Don't believe me? Then: Why was our Prime Minister's comment concerning Bin Laden called "inflammatory"? Why is a Melbourne Minister, who criticised Islam's attitude towards women, facing the prospect of jail? Why is anyone who questions this threat to democracy called a bigot, racist or xenophobe? They have power disproportionate to their numbers and superiority in the eyes of the law.

And as alarming as it is to say and think it – the majority of Australian people now have control over too little. Anti-discrimination laws are now detrimental to the democratic ideals upon which democracy was founded. (Democracy is based upon the notion of the greatest good for the greatest number.) The fear of being criticised, or worse still, the fear of being prosecuted has created a fractionalised community where the majority suffers. In this fractionalised community, numerous groups acting in isolation are bent upon promoting their own selfish unilateral aims and demands. Such groups are using multiple paths to achieve these ambitions. Question the rights of their arguments and one becomes subject to ridicule, abuse and increasingly answerable to some convenient law. The fundamental rights of free speech, the very rights of individuals in Australia have been eroded to a stage where there are few open forums of debate outside our parliaments.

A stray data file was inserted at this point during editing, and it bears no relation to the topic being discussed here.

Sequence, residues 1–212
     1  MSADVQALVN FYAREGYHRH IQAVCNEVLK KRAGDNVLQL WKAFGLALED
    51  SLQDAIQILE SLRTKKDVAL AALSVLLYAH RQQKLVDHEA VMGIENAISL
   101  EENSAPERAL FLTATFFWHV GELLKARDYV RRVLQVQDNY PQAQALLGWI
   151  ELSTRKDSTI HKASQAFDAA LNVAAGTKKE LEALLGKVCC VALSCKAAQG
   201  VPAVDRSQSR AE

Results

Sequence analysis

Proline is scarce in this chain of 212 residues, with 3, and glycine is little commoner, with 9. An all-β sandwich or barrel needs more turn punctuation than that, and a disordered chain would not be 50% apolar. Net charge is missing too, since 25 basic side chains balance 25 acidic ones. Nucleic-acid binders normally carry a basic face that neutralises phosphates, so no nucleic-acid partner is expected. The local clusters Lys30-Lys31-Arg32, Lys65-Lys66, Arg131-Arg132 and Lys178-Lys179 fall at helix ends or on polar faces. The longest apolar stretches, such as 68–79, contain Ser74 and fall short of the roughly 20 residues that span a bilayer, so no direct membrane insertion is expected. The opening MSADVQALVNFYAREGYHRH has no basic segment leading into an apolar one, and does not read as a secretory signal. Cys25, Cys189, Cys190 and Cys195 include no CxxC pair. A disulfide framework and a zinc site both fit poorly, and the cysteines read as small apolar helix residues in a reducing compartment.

So what can be done when the power does not lie with us? Indeed we feel even more powerless because we know staying silent does not work, hoping and doing nothing cannot work and asking for tolerance and acceptance has not and will not work.

The ideals of a utopian society fail under political correctness because some individuals are denied their basic rights. The moment our democracy ceases to respect the harmony and equality of a just society, it will cease to respect your value as an individual. The moment it ceases to respect your value as an individual it ceases to be democracy.